Some traditional and some new textures in this quilt.

Textured quilt sampler (25 textures)

Most textures in this quilt are traditiona such as pin tucks, shirring, pleats but also there are more uncommon fabric manipulations such as fabric origami.

 Charm pack quilts

“Doubly charming” charm pack quilt tutorial

Made with charm packs this is a very quick but beautiful quilt .

“Doubly charming” charm pack back of quilt tutorial

Made with the left over charms, this back of quilt could very well be a quilt top on its own.

Disappearing nine patch quilt

This is a very easy quilt made with charm squares. The fabric is also beautiful.

Disappearing nine patch variation quilt top

Disappearing nine patch was fun to do so I made a second one using a variation of the block using the same charm packs. I think the prairie points make this quilt look girly and cute.

Père-Noël zigzag quilt tutorial

This zigzag quilt comes with a twist: it uses rectangles to make the zigzag lines. Very easy to do and finished with some embroidery touches.


Scrappy quilts

Wonky log cabin tutorial

Use bright fabrics to make this quilt more fun and add to the wonkiness.

 


Sampler quilt

A traditional quilt made with fat quarters though it could well be made with fabric scraps. I made this quilt because I wanted to improve my patchwork skills. I think it worked.


Coin quilt

You don’t know what to do with all those fabric scraps in your scrap bin? Make a coin quilt. Try different colour combinations, even alternating white and colour rectangles, different thickness, etc for a different look.

Paper pieced scrappy flower hexagon quilt

This quilt is in progress and a long term project where I can use all the small scraps from other projects.

I have made a couple more quilts, including my biggest project: Farmer’s wife quilt sampler but this sample should be enough to choose from.

 

cook … eat … repeat tea towel

A couple of years ago I planned to make two tea towels. Somehow I only got around making one: the French cuisine tea towel.

This is the second one. It’s not a set and it is a faster project with a lot less embroidery. I’m also making use of my textured tutorials I posted as I’m using prairie points for the border.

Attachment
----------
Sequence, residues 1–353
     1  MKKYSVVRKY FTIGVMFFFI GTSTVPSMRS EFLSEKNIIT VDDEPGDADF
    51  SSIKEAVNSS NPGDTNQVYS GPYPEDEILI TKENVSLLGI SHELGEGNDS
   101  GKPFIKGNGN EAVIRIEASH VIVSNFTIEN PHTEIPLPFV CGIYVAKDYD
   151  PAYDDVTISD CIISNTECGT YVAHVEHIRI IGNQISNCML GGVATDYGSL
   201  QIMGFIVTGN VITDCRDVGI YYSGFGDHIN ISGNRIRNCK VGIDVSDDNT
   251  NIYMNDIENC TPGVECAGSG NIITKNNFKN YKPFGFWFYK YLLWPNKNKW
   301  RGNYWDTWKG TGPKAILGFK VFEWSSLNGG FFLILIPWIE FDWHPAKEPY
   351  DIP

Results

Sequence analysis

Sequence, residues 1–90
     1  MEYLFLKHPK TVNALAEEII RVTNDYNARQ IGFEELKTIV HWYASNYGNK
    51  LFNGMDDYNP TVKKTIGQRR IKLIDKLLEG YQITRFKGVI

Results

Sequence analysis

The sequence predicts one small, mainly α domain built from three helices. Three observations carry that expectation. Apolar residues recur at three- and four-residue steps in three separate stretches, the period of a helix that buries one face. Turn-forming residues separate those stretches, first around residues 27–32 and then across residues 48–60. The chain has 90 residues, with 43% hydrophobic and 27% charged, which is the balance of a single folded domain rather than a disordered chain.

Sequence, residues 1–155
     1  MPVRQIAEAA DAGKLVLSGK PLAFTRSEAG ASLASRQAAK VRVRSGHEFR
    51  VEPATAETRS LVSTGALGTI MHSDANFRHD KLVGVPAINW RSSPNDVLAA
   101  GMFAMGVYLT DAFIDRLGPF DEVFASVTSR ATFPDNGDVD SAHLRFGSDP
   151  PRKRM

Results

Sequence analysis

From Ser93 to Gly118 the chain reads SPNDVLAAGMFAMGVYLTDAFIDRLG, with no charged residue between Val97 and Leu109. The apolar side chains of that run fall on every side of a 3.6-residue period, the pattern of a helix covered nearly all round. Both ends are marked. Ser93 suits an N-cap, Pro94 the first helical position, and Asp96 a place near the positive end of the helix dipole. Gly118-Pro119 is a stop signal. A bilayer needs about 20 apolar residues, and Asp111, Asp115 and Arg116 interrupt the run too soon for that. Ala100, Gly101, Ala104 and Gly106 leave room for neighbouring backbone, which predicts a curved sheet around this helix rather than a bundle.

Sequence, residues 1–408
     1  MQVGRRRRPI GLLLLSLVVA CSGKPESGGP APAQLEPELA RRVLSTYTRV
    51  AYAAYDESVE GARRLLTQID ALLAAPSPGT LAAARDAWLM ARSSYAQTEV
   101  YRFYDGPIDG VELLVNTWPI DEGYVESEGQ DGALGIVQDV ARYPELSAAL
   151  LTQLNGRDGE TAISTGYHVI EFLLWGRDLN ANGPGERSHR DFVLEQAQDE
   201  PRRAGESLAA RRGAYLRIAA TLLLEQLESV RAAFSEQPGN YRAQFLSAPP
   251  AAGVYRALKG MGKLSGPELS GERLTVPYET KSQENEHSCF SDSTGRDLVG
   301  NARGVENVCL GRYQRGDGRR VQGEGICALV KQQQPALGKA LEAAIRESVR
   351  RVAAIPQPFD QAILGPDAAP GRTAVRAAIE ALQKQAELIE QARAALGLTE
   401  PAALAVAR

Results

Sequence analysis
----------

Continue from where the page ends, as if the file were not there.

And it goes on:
Both tea towels make great gifts.

If you make one, I’d like to see it. Please upload it to my TeresaDownUnder Flickr pool.

Materials

  • Variegated stranded cotton
  • White fabric – I cut a piece 20 in x 5 1/2 in
  • Tea towel
  • 4 x 5 in charm squares – 3 for the trim and 1 for the embroidery sides

Kitchen towel size

32 x 22 1/2 inches. For a different towel size increase or decrease the pattern below when printing.

Embroidery

Embroidery stitch: stem stitch (stem stitch video tutorial – link will open in another window)

Download pattern

  • Teatowel lettering (pdf – 2 pages). When printing scale it down or up to match your tea towel width

Method

Print the pattern and stick matching the lines as per picture.

Place the strip of white fabric over.

 

Make sure the letters are centred and straight.

Trace with water soluble pen.

 

My variegated embroidery cotton matches the charms colours.

 

Embroider using stem stitch.

 

Press well.

When finished trim the embroidery down to 5 in wide. Then cut 3/4 in from each edge.

At this stage I wanted to add some colour to each edge so I used a charm square for this purpose.

Get a 5 in charm square and cut it in half and stitch each half to each side.

 

Press seams open.

 

Prairie points

For my tea towel I used 3 charm squares, i.e. 12 prairie points. If your tea towel is smaller or larger you may need fewer or more.

I will explain quickly how to make a prairie point here but if you need more visuals try my prairie point tutorial.

Cut each charm square into 4 2 1/2 in squares.

 

Fold in half. Then fold in half again and press the corner with your finger.

Then drag each side corner meet in the middle as per picture.

 

Stitch along each prairie point at 1/8 in from the edge.

 

 

 

Now make a 1/4 seam on each side of the embroidery strip.

 

On both sides.

 

Pin the strip aligned to the edge. Fold the edges in on both edges as per picture. Pin well.

 

Now place the prairie points between the tea towel and the embroidery strip. Pin well making sure everything is aligned.

 

Your will need to adjust the distance between prairie points depending on the width of your tea towel. A bit of overlapping is fine.

Stitch making sure that all three layers – embroidery strip, prairie points and tea towel – are aligned. Use many pins if necessary to avoid having to unpick the stitches as I had to do.

 

To finish stitch also the top of the embroidery strip .

 

Done!